Feeling Cheesy?

Cheese

Pattie Baker shares local choices to satisfy your craving, including the old-fashioned option of making your own.

​"Curds and whey! Curds and whey!” I shouted out to my daughters. The nursery rhyme words literally came to life in front of me as I stood by the stove and watched the curds thicken and rise, the clear yellow whey separating and falling to the bottom of the pot. I had no intention of them missing “milk’s leap toward immortality.” A few weeks earlier, I purchased some basic cheesemaking supplies (rennet, citric acid, a cheese thermometer and cheesecloth) from a woman known as “Ricki the Cheese Queen” at the New England Cheesemaking Supply Company; her website enticed me with a video that promised I could make mozzarella in just 30 minutes. And there I was, turning a gallon of milk into a perfect ball-shaped pound of the classic Italian cheese.

​We made fresh pizza that night. In the next week, we made ricotta cheese that we added to calzones and a quiche, and honey mascarpone (an Italian-style cream cheese) that we ate with strawberries and spread on bagels. All of these cheeses were so simple to make that I couldn’t believe it had taken me so long to try it. What’s growing now, for me, is the awareness that some skills that seem difficult aren’t, and that they are worth knowing. After all, a little effort produced fresh, warm mozzarella that was stretched with my very own hands.

​For all my newfound knowledge, however, I was still a long way away from making cheddar, Swiss, Gouda, blue cheeses and goat’s cheeses. For those, I drove five hours south to Sweet Grass Dairy in Thomasville to find out how Jeremy and Jessica Little make their award-winning cheeses—from their own goats’ milk as well as cow’s milk from a family member’s nearby dairy farms.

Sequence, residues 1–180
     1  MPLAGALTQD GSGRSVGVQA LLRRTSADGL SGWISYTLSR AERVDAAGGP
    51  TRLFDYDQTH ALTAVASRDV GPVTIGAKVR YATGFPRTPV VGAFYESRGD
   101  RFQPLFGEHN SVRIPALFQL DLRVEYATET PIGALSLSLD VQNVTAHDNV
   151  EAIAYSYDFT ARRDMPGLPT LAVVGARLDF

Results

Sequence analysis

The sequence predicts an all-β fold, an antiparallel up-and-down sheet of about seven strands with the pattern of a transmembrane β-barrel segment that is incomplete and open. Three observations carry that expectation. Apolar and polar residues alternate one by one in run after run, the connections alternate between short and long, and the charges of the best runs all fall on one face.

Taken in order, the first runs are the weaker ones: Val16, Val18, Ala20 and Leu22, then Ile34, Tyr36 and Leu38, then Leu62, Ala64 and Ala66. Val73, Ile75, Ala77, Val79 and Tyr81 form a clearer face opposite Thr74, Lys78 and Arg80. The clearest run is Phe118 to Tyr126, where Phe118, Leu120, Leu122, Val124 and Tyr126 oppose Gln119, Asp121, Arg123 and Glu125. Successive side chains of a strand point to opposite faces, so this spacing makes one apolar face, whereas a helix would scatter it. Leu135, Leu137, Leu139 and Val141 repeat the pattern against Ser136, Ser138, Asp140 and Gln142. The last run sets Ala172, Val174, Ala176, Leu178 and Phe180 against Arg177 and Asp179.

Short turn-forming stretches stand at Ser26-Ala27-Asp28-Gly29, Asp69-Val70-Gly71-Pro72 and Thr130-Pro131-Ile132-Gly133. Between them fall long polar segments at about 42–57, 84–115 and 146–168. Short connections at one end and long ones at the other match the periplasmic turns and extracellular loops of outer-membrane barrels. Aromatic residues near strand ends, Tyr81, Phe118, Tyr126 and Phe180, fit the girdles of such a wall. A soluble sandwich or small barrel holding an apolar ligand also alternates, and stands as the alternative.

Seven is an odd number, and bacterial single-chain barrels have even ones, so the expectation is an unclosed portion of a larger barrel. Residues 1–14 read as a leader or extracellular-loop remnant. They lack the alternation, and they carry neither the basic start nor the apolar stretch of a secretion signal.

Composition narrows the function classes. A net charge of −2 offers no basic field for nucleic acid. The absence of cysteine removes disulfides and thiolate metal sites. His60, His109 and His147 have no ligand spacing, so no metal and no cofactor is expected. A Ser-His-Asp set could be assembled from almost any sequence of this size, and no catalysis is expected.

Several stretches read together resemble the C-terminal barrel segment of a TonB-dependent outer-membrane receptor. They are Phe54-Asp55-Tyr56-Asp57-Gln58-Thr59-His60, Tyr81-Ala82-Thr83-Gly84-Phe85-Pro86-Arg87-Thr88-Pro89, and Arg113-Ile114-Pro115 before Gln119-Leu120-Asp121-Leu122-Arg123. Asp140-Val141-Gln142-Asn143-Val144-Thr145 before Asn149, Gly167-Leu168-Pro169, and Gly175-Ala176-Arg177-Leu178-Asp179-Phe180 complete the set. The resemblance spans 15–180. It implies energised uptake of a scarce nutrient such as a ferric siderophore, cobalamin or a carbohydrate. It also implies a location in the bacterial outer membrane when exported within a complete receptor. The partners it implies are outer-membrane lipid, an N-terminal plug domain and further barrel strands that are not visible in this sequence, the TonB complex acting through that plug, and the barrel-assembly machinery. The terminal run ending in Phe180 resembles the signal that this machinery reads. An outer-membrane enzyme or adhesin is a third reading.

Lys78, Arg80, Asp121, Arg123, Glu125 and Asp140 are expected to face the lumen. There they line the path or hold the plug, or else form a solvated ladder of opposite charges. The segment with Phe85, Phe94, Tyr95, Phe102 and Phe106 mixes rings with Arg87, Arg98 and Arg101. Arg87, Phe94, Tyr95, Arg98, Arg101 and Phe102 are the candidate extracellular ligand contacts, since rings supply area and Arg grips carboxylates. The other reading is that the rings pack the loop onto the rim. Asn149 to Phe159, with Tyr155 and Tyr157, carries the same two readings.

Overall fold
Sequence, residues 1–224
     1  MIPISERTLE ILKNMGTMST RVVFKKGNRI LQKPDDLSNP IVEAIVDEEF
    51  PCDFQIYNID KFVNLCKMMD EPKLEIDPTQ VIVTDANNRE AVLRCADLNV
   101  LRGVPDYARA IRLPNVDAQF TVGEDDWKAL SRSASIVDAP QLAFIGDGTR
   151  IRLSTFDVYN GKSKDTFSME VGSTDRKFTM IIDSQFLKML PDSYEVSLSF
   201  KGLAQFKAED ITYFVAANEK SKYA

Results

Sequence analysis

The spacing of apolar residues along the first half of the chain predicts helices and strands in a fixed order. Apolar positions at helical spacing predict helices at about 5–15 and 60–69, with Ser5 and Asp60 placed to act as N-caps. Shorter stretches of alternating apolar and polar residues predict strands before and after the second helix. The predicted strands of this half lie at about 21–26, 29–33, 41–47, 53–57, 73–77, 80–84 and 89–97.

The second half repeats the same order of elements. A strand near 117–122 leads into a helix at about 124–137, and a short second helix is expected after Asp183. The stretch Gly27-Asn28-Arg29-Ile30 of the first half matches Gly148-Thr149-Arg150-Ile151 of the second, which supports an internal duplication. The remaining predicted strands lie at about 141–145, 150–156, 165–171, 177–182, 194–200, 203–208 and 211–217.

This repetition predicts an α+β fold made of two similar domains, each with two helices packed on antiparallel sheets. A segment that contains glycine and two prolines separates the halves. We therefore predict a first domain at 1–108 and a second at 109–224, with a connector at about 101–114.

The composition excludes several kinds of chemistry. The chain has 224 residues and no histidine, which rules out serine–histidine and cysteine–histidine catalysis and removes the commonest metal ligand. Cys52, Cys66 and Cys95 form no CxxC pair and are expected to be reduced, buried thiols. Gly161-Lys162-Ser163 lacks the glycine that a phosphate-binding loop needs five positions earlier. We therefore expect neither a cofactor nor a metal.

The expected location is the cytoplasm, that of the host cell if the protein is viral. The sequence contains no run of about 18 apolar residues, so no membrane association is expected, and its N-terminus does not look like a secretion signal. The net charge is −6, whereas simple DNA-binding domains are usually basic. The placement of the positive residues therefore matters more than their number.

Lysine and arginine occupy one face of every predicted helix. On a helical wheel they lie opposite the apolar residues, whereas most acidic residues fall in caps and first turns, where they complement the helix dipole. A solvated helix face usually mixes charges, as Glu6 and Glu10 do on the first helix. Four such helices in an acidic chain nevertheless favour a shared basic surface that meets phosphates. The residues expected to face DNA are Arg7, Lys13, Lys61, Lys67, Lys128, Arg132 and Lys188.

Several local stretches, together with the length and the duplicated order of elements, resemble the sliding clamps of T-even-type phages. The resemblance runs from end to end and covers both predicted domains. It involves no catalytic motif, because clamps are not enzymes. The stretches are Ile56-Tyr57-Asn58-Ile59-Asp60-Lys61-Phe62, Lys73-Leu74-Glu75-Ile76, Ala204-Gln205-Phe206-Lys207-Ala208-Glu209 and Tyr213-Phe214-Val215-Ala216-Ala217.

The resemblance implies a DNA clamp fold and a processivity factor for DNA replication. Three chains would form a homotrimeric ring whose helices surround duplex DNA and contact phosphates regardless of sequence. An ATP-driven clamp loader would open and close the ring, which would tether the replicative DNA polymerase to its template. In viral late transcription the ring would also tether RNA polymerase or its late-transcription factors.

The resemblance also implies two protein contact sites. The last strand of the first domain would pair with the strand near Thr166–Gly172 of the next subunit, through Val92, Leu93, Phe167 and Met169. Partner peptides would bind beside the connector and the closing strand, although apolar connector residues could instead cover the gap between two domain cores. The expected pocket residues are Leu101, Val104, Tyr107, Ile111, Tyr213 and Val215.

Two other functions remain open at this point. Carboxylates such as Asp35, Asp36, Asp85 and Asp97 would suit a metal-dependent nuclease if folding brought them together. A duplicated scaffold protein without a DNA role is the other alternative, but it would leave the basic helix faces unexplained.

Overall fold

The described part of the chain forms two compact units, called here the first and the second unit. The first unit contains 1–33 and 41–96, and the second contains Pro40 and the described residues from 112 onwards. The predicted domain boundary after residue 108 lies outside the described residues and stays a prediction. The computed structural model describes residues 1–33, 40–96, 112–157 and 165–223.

​Sweet Grass Dairy is a New Zealand-style farm where the goats are rotated from field to field to have a constant supply of fresh grass. The grasses change with the season, thereby affecting the taste of the milk. It’s particularly sweet now, in the spring, when the goats feast on fields of clover, rye, cow peas and oats and give birth to their kids.

​“The goat cheeses we make in March and April are my favorites of the year,” Jessica says. “Plus, cow’s milk right now is a balanced bright yellow with a sweet, high butterfat content and earthy grassiness.”

​My older daughter likes Sweet Grass Dairy’s fresh chevre on Lacinato kale with a dab of local honey and figs we have left in the freezer from last August’s neighborhood gleaning. I get weak in the knees for the Green Hill cow’s milk cheese on my fresh-baked bread. And my husband and younger daughter claim the Clayburne makes the best nacho cheese in the world.

​You can find several of the Sweet Grass Dairy cheeses at Atlanta-area Whole Foods stores and other specialty retailers, as well as at numerous restaurants. You can also order it online or can buy select varieties (along with cheeses from elsewhere) from Via Elisa at the Peachtree Road Farmers’ Market in Buckhead. Or, if you’re looking to head out of town, take a drive to the brand new Sweet Grass Dairy Marketplace at their farm.

​As for mozzarella, I don’t have to go far for that at all. Although, I’m starting to think I would benefit from having my own cow, or, even better, a water buffalo. Do you think my homeowners’ association will go for it?